This year’s energy bill passed Friday afternoon after weeks of uncertainty.
The original version of the bill would have required utilities to purchase set amounts of renewable energy through a “renewable portfolio standard.” A few closed-door meetings later, the Senate version stripped that requirement and shuffled the bill through.
The new bill still includes expanding the standard offer program that allows favorable contracts for in-state renewable energy projects.
The House passed the bill on a 103-34 vote.
The energy bill’s puzzling track this year resulted in weeks of stalling in the Senate and ultimately a last-minute rush to passage on what could be the eve of adjournment.
The House actually passed the original bill with a renewable portfolio standard, mandating that utilities buy a set amount of “renewable” energy, twice. First it was House Bill 468. Then it was a strike-all of a bill on smart meters. Members of the House worried that the original bill would not move in the Senate.
Rep. Paul Ralston pushed Rep. Margaret Cheney, who reported the bill, on why her committee took such a strong turn on the bill.
Cheney is vice chair of the House Committee on Natural Resources and Energy. Her committee worked for a large part of the legislative session on the bill before accepting the last-minute shift.
“The major concerns were the cost impact of a renewable portfolio standard,” she said.
Cheney said the new bill requires a study of the impacts of a renewable portfolio standard and better ways to design it.
The Associated Industries of Vermont has lobbied persistently against the bill, citing the impact it will have on electric rates.
Gabrielle Stebbins, executive director of Renewable Energy Vermont, said the bill will still spur clean energy jobs in Vermont but it falls short of setting a long-term strategy for the state.
“Having an energy bill with a standard offer expansion would be good for small and community-scale projects,” she said.
Under a renewable portfolio standard, utilities would have to obtain “credits” for renewable energy, which they could trade among other utilities throughout the region. That approach, Stebbins said, would allow the state to tap into out-of-state renewable projects to fulfill that requirement.
Utilities and large energy users say both approaches will significantly raise electric rates.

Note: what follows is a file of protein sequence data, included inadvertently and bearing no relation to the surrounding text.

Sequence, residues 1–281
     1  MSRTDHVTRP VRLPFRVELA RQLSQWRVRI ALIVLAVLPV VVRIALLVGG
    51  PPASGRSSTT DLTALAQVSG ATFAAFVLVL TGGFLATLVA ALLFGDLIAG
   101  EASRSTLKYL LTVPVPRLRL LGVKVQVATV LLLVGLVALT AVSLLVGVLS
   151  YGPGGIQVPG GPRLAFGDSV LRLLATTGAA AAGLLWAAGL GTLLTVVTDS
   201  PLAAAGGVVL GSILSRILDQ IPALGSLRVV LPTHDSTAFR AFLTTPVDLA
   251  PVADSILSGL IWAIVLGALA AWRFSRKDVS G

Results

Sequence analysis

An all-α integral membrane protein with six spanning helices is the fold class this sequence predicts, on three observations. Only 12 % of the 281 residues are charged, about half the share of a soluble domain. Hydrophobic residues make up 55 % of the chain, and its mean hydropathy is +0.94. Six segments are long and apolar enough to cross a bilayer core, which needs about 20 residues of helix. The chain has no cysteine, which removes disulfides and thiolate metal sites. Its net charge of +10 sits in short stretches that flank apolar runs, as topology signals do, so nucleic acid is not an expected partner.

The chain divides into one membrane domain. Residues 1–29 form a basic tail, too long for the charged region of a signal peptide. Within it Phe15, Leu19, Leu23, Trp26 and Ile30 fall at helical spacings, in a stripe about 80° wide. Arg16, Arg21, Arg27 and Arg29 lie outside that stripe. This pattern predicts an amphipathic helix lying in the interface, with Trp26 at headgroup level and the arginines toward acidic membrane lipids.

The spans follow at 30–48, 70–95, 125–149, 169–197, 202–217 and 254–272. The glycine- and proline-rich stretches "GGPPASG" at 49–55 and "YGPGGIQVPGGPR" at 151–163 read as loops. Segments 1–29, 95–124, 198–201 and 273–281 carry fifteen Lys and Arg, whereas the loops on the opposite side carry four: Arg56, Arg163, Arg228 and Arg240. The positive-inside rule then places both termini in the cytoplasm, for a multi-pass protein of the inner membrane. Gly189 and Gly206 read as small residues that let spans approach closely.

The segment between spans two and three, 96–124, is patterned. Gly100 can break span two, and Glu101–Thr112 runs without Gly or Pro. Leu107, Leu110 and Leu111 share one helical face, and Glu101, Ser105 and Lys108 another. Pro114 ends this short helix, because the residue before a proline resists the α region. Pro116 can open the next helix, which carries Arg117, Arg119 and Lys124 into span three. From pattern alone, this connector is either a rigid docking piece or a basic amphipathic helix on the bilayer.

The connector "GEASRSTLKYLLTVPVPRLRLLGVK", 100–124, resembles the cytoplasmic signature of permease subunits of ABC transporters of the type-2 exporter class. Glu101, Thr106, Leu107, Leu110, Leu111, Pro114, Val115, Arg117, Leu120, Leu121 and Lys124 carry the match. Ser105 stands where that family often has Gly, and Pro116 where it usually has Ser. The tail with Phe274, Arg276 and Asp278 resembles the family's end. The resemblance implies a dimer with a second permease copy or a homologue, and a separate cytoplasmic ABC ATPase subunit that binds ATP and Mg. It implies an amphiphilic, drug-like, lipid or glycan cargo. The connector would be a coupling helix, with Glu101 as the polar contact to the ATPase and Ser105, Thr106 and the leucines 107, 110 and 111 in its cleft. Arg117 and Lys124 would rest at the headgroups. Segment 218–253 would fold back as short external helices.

While the energy bill survived, other legislation affecting how utilities would be able to recoup money invested in weatherization did not.
Rep. Oliver Olsen tried to introduce an amendment that would prohibit utilities from recovering in their customers’ rates efficiency measures that do not benefit the electric system.
House Speaker Shap Smith ruled the amendment not germane, and it appears dead for this session.
Olsen’s amendment was aimed at a merger between the state’s two largest utilities, Green Mountain Power and Central Vermont Public Service Corp. The utilities propose investing $21 million in windfall money they are required to share with ratepayers into efficiency measures, with $12 million going to weatherization.
Olsen’s amendment passed on a voice vote earlier this session, but the housekeeping bill he attached it to will likely die in the Senate.
Another move to prohibit the utilities from recovering the so-called “windfall” money in rates came as an amendment to the budget in the Senate. A conference committee stripped that provision.
“By the Speaker refusing to allow that to go forward, it’s clear what happened in both the House and the Senate really was political theater and that there was no intention of providing real relief to utility customers,” Olsen said.
The utilities are still awaiting approval from the Vermont Public Service Board of their merger. If the board accepts a memorandum of understanding between them and the Department of Public Service, the utilities will be able to invest the $21 million they are required to share with ratepayers in efficiency then get the money back in rates. The utilities claim that investment will result in $25 million in benefits to ratepayers. The windfall requirement originated in 2001, when the Public Service Board allowed utilities to raise rates as a result of bad contracts with Hydro-Quebec. In return, they had to share the windfall of a profitable merger with their ratepayers.